Inside the White House in War Times: Memoirs and Reports of Lincoln's Secretary ePub download
by William O. Stoddard,Michael Burlingame
- ISBN: 0803292570
- ISBN13: 978-0803292574
- ePub: 1447 kb | FB2: 1502 kb
- Language: English
- Category: Leaders & Notable People
- Publisher: Bison Books; 1st ed edition (February 1, 2000)
- Pages: 226
- Rating: 4.3/5
- Votes: 123
- Format: lrf mobi azw lrf
William Stoddard was Lincoln's "third secretary," brought in during part of his .
As Burlingame notes in his introduction, Stoddard's narratives are somewhat suspect.
In 1866 Stoddard also penned thirteen "White House Sketches" about his time in Lincoln's service. Originally published in an obscure New York newspaper, these essays - never previously collected - supplement Stoddard's memoir. Though much briefer than Inside the White House in War Times, the sketches, collected here for the first time, are more trustworthy, for they appeared shortly after the events described. in addition, their style is less self-consciously literary and fanciful than that of the memoir, therefore probably rendering them more accurate, if less aesthetically pleasing.
Lincoln: University of Nebraska Press, 2000. William O. Stoddard was a clerk in the White House, rather than one of the president’s secretaries. Pp. xxi, 226. Notes, index.
William Stoddard’s Civil War White House. Michael Burlingame has done a fine job in reviving the work of one of Abraham Lincoln’s lesser-known per-sonal clerks, William O. Stoddard. A collection of pre-viously published and unpublished reminiscences, Inside the White House offers an intriguing glimpse of wartime Washington as well as a useful tool for explaining the transformation of Washington, . from a provincial southern city to a bustling and mainly northern center of political power.
BY WILLIAM O. STODDARD, One of the President's Private Secretaries. patriots who crowded the White House. Author of "Verses of Many Days," "Dab Kinzer," Etc. Illustrated by dan beard. They bravely proposed to have guns furnished them and to bivouac in the East Room on the floor all night, so they would be here in the morning, first thing, ahead of anybody else, with their muskets stacked around them, and with better chances for interviews with Lincoln. Those were exciting days when, for hours and hours, the anterooms and halls upstairs were so full that they would hold no more, and when this.
Of the three secretaries who assisted President Abraham Lincoln-John G. Nicolay, John Hay, and William O. Stoddard-only . In 1866 Stoddard also penned thirteen "White House Sketches" about his time in Lincoln's service. Stoddard-only Stoddard wrote an extended memoir about his time in the Executive Mansion. First published in 1890, the book vividly depicts the president's agonizing reaction to the defeats at Fredericksburg and Chancellorsville, the difficulties encountered (and presented) by Mary Lincoln, the president's relations with George B. McClellan and other generals, and the anxiety preceding the Merrimack's epic battle with the Monitor. Together the memoir and sketches provide an intimate look at the sixteenth president during a time of crisis.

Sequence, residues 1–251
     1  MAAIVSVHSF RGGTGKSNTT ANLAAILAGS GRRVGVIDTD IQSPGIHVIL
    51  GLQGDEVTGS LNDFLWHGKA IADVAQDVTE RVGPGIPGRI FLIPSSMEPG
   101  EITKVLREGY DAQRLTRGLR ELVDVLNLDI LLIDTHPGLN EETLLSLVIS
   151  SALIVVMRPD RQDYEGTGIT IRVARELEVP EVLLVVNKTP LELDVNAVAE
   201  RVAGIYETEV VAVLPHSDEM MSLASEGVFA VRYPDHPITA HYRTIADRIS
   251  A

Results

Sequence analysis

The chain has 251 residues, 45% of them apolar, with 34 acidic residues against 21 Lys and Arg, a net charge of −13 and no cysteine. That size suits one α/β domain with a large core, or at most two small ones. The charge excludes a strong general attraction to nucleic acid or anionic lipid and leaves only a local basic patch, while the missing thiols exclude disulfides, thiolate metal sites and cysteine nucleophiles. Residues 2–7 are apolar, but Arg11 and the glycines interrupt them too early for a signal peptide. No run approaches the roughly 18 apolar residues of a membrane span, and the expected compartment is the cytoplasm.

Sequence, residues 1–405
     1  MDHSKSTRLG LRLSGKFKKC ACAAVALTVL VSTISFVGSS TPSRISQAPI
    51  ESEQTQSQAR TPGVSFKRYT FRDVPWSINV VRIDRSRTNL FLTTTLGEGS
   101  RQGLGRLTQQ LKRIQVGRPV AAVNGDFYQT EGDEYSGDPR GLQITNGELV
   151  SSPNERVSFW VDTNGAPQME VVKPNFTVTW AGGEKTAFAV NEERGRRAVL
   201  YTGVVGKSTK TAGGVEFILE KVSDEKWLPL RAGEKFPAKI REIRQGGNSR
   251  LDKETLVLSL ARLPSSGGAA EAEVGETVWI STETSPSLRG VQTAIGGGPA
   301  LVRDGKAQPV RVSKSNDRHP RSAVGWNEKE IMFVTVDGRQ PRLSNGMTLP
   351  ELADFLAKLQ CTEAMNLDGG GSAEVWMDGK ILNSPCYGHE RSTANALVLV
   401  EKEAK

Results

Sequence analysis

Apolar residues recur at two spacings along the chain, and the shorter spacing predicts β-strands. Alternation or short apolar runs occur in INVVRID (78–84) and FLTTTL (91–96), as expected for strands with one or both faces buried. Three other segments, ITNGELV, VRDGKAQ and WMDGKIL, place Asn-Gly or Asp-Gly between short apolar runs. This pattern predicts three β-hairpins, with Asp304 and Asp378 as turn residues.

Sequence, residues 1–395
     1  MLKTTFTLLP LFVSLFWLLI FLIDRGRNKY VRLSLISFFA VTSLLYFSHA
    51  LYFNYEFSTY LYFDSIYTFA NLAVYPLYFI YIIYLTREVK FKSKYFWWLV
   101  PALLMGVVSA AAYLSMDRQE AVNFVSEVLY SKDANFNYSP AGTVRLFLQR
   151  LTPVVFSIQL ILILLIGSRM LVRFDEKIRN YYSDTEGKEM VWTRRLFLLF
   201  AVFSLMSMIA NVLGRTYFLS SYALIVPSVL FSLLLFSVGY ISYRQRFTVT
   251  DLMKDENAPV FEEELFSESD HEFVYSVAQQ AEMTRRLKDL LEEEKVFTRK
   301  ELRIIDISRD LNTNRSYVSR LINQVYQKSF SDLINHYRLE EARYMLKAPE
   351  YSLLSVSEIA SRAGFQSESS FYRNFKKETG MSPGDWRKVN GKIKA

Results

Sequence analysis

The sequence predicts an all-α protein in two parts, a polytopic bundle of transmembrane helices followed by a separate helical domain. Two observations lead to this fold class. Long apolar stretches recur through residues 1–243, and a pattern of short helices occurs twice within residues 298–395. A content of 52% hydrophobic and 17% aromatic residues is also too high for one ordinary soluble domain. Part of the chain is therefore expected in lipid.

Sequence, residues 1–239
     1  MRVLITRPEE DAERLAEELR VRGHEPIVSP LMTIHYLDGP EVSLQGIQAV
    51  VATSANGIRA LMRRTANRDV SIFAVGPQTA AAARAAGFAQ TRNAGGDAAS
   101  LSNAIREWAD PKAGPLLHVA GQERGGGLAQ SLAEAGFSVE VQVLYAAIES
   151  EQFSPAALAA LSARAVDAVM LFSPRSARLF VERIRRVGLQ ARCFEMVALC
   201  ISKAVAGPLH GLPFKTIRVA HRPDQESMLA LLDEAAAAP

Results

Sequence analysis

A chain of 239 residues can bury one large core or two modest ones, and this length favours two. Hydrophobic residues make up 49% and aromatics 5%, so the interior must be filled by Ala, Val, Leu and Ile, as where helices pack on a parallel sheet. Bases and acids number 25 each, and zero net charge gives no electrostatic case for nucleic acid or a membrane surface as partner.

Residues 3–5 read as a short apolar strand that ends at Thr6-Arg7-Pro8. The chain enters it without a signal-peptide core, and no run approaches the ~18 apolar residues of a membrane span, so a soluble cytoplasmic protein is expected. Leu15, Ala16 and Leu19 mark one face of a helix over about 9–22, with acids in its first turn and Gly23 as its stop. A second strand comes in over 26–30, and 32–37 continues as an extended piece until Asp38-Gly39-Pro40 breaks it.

William Osborn Stoddard (Cortland County, 1835–1925) was an American author, inventor, and assistant secretary to Abraham Lincoln during his first term. Stoddard was born at Homer, Cortland C. New York. His parents were Prentice S. and Sarah (Osborn) Stoddard. Stoddard attended the University of Rochester, where he graduated cum laude. On 25 Jul 1870 Stoddard married Susan Eagleson Cooper; they had five children. Stoddard died in Madison, New Jersey.
Inside the White House in War Times: Memoirs and Reports of Lincoln's Secretary. Inside the White House in War Times: Memoirs and Reports of Lincoln's Secretary. Here you'll get tall tales and clever barbs Lincoln shot at political opponents.
Michael Burlingame (Lincoln and London: University of Nebraska Press, 2000), p. . The boys harried the staff: Stoddard, Inside the White House in War Times, pp. 26–27; NYTrib, July 17, 1871; Bayne, Tad Lincoln’s Father, pp. 102–06
Michael Burlingame (Lincoln and London: University of Nebraska Press, 2000), p. 5. from Edwar. hat he was handsome : Grimsley, Six Months in the White House, JISHS, pp. 47, 48. memorizing railroad timetable. erfect precision : John Hay, Life in the White House in the Time of Lincoln, Century 41 (November 1890), p. 3. 102–06. If there wa. good time : Bayne, Tad Lincoln’s Father, p. 107. Seward had proposed: Grimsley, Six Months in the White House, JISHS, p. 49.